The verbs John uses for Jesus laying aside his outer clothing and then putting his clothing on again are not usual. They are the verbs John uses elsewhere in his gospel for Jesus saying he will lay down his life only to take it up again at the resurrection. The footwashing, this whole scene, is a picture, a parable of the greater humiliation of God - mocked, spat on, stripped, bruised, bleeding, stretched out, naked, nailed to a cross. A slave’s death. The cross - where the righteous and pure son of God became sin .. so that sinners like you and me could be made righteous and pure..

‘You do not realise now what i am doing,’ Jesus says to Peter v7 as he washes his feet.. ‘But later you will understand.’ 

Understand the breathtaking servant love of our God.                 Who serves us  right at the point of our need - for cleansing, for forgiveness.                                             Who loves in humility. He gives up His rights and privileges.          Who loves in an utterly  costly way.                                  Who loves even under pressure – the cross was just hours away!             Who loves unconditionally – these men would, by the end of the night, betray Him, desert Him or deny Him.  Yet He lovingly washes all their feet, even Judas’s.  And He loves in self-forgetfulness – He doesn’t care that He loses face. He is not concerned for His own self-image. 

Here is the God who stoops, who serves, who gives everything, who gives his life that we might live. 

And Jesus says A new commandment I give to YOU: love one another. As I have loved you so you must love one another.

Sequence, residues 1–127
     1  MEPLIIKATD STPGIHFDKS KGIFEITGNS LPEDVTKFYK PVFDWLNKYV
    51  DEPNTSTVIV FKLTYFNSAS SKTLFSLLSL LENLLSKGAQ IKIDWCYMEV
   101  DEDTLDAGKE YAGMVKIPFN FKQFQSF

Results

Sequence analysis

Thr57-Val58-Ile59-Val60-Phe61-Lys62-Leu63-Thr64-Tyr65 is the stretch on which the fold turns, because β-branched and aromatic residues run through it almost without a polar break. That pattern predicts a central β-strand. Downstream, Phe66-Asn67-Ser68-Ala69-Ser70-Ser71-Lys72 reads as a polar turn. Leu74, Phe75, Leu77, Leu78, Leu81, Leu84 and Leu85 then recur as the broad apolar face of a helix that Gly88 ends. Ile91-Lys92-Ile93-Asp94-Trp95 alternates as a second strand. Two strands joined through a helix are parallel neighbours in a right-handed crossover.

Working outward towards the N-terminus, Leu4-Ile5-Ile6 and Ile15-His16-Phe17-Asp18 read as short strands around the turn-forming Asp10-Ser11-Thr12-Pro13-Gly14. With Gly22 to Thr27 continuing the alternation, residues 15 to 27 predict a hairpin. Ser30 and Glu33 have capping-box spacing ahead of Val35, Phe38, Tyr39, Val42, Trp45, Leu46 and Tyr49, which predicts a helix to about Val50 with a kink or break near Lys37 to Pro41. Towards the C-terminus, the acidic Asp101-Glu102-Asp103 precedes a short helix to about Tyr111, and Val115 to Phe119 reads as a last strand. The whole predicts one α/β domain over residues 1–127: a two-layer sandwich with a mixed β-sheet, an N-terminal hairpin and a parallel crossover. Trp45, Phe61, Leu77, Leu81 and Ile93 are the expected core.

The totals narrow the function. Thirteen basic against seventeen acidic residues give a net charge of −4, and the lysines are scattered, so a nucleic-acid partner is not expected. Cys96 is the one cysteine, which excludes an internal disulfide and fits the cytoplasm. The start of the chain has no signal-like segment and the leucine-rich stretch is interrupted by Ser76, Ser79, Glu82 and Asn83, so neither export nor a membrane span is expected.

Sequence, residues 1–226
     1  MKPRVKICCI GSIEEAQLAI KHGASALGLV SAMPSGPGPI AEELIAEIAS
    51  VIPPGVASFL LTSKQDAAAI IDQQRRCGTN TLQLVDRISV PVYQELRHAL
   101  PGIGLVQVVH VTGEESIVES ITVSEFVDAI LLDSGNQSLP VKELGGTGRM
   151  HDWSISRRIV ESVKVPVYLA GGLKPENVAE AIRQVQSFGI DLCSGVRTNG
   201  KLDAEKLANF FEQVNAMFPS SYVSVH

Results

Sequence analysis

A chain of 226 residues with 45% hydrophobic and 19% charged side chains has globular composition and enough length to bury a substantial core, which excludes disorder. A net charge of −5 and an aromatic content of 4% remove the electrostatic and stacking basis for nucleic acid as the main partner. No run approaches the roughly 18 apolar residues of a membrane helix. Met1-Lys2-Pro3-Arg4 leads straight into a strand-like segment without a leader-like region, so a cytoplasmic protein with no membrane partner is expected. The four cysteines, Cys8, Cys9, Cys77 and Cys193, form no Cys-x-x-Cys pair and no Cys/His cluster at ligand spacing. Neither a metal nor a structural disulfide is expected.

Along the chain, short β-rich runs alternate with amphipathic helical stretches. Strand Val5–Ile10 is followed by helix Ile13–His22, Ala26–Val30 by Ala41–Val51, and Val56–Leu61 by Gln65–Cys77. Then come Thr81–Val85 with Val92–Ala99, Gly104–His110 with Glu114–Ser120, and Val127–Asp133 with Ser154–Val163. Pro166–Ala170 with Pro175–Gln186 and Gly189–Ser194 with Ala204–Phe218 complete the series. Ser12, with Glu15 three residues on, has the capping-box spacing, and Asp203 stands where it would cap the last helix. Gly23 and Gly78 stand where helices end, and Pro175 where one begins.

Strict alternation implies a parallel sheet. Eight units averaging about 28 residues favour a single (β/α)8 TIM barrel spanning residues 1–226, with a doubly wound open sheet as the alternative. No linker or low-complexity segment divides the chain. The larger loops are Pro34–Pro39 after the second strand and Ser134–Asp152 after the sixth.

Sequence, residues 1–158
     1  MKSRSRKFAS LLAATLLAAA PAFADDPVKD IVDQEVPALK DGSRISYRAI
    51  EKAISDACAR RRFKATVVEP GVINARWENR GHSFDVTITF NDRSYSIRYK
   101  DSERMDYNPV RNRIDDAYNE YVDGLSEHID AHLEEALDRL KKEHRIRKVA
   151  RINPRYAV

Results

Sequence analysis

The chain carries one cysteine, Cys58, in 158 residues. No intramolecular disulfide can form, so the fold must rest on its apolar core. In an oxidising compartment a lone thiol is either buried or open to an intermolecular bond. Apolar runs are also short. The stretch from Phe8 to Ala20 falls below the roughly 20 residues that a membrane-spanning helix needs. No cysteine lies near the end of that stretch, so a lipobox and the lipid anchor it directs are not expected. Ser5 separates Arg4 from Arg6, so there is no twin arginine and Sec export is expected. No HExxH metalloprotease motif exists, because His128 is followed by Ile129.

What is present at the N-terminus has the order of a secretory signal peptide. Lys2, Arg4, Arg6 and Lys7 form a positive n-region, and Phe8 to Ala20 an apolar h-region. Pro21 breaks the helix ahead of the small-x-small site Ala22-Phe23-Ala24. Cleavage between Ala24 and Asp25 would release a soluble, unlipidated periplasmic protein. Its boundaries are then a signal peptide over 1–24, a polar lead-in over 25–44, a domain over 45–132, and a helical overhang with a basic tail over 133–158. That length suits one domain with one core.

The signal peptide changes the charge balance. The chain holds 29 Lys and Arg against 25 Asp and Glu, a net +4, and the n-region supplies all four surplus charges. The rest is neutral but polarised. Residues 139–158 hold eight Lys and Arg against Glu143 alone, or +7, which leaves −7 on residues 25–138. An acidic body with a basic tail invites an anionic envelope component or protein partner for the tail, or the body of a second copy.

How? I mean I’m an incredibly loving person … until it means inconvenience, or a loss of face, or until my love is not returned in kind.  And how often does my love evaporate when i’m under pressure from other quarters? As i have loved you, you must love one another??!! Are you kidding me???

But Jesus doesn’t just give us the manner in which we are to love. He also gives us the means by which we are to love. As I have loved you you must love ..

See the order? First be loved.  Then love.  First know, realise, appreciate – then do. First receive Jesus’ love.  Then pass it on.

But receiving is hard for us. It humbles us. We like to provide for ourselves. You can’t love me, God. I haven’t had the chance to prove my own worth yet. And so we resist ‘You shall never wash my feet’ says Peter.But Jesus answers ‘unless i wash you, you have no part in me.’ 

It reminds me of those extraordinary moments I’ve witnessed where one cares for the physical needs of an infirm loved one.. maybe helping feed them or wash them when they cannot do it for themselves. For those of us who are able bodied, the idea of submitting to that would be startling, humiliating, weird.. 

But the truth is, spiritually we are infirm, utterly dependent. We can only serve like Christ if we are first served by Christ. We can only love as he has loved if we are first loved by him.. We must overcome that aversion, lay down our pride and let him serve us. Apart from me you can do nothing… nothing 



God knows about the murder of young men. Maundy Thursday reminds us that God the Father sent his only Son who willingly came as a lowly slave, to serve us, to be crushed for us, to free us from the sin slavery that leads to eternal death. 

Sisters and brothers, we are in receipt of incredible love.We have gathered here on this special night to experience that Love again. We are here to be fed so that we might go out and feed others.

 Tonight, let us remember to claim the love that Jesus gives, and to receive the command that comes through Christ’s self-giving spirit to share that love with a hungry, love-starved world. Amen